Despite the imploring of Fed officials that November is a live meeting... just days ahead of the election - it's not (and never really was). As WSJ's fed whisperer Jon Hilsenrath confirms, today's jobs data ensures no fed rate hike in November (with December still the most likely scenario for Janet and her friends). However, Hilsenrath warns, even December is not a sure thing.
The Dollar is diving...
The subdued September jobs report ensures the Federal Reserve won’t be raising short-term interest rates at its November policy meeting, a week before the U.S. presidential election, and creates a new thread of uncertainty about its action in mid-December.
The report—marked by a slight uptick in the unemployment rate to 5%—largely fit the narrative Fed Chairwoman Janet Yellen laid out for the labor market after the central bank’s September policy meeting.
People are rejoining the labor force in search of work. Many of them are finding jobs, but not all. The number of employed people, as measured by the Labor Department’s survey of households, rose a robust 354,000 in September from the month before, while the number of unemployed rose 90,000. (A separate survey of business establishments showed employers added a modest 156,000 jobs last month.)
The rise in the number of unemployed created by the return of individuals searching for jobs is putting some upward pressure on the unemployment rate. It ticked up from 4.9% in August and has effectively stopped falling this year.
Ms. Yellen sees the return of workers to the job search process as a healthy sign. The labor-force participation rate had been falling for much of the expansion as discouraged individuals and aging Americans stopped searching for jobs. That has reversed. The labor-force participation rate was up a half percentage point in September from a year earlier to 62.9%, an apparent sign of optimism among prospective workers that jobs worth seeking are out there.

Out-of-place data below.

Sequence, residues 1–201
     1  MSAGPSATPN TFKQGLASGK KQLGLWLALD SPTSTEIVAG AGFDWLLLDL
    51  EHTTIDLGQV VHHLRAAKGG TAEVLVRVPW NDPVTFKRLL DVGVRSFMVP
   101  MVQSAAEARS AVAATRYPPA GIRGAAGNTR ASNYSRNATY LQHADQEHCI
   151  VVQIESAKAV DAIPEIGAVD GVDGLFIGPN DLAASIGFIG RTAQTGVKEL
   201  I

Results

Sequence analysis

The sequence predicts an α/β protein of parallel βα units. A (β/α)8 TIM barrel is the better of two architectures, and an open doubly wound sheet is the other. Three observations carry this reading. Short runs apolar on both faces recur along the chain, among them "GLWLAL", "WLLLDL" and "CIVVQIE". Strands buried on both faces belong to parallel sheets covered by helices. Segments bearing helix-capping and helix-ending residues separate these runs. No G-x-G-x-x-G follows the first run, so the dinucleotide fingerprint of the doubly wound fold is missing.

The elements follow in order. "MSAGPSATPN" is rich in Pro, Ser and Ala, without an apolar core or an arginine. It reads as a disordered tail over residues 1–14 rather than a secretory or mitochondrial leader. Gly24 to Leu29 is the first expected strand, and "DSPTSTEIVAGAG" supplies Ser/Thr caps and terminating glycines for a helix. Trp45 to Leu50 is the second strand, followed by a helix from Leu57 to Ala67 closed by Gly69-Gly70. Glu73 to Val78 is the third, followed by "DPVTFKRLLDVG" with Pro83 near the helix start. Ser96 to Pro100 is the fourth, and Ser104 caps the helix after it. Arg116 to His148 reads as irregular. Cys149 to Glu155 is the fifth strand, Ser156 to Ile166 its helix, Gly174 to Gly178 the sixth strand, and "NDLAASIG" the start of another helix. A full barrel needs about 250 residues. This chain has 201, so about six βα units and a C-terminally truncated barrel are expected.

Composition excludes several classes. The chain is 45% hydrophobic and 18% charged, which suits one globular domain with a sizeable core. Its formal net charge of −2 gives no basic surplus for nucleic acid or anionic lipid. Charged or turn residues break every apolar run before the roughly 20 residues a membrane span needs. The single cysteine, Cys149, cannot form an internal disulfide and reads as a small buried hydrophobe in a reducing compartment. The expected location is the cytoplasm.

The growing pool of labor is also a sign the job market isn’t yet near overheating. This underscores Ms. Yellen’s plan to move slowly toward raising short-term interest rates.
“The economy has a little more room to run than might have been previously thought,” she said at her September press conference. “That’s good news.”
The Fed next meets Nov. 1-2, before the Nov. 8 presidential election. Given this “room to run,” confirmed by the latest jobs data, a rate increase at that November meeting is almost certainly off the table. A December rate increase is still the most likely scenario for the Fed, but it isn’t a sure thing. If the jobless rate keeps rising, Fed officials might decide to forestall rate increases until next year.
The central bank will have two more jobs reports to observe before it has to make a decision at its mid-December meeting. So there will be plenty of time for deciding.
And while Nov odds are tumbling...
December odds remain stable for now...